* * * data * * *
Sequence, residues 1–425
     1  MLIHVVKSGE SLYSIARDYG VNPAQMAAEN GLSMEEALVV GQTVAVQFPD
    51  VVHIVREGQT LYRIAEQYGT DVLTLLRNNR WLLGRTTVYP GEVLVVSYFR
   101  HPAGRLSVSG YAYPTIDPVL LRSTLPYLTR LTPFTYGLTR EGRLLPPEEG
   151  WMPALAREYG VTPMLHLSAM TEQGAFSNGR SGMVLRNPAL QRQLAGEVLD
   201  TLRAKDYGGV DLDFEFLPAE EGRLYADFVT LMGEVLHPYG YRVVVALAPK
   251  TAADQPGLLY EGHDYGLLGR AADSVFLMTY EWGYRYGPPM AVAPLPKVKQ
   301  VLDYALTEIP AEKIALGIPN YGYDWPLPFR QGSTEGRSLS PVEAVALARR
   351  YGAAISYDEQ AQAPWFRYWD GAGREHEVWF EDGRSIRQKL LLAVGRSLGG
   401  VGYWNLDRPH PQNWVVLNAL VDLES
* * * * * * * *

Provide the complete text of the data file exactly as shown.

Sequence, residues 1–425
     1  MLIHVVKSGE SLYSIARDYG VNPAQMAAEN GLSMEEALVV GQTVAVQFPD
    51  VVHIVREGQT LYRIAEQYGT DVLTLLRNNR WLLGRTTVYP GEVLVVSYFR
   101  HPAGRLSVSG YAYPTIDPVL LRSTLPYLTR LTPFTYGLTR EGRLLPPEEG
   151  WMPALAREYG VTPMLHLSAM TEQGAFSNGR SGMVLRNPAL QRQLAGEVLD
   201  TLRAKDYGGV DLDFEFLPAE EGRLYADFVT LMGEVLHPYG YRVVVALAPK
   251  TAADQPGLLY EGHDYGLLGR AADSVFLMTY EWGYRYGPPM AVAPLPKVKQ
   301  VLDYALTEIP AEKIALGIPN YGYDWPLPFR QGSTEGRSLS PVEAVALARR
   351  YGAAISYDEQ AQAPWFRYWD GAGREHEVWF EDGRSIRQKL LLAVGRSLGG
   401  VGYWNLDRPH PQNWVVLNAL VDLES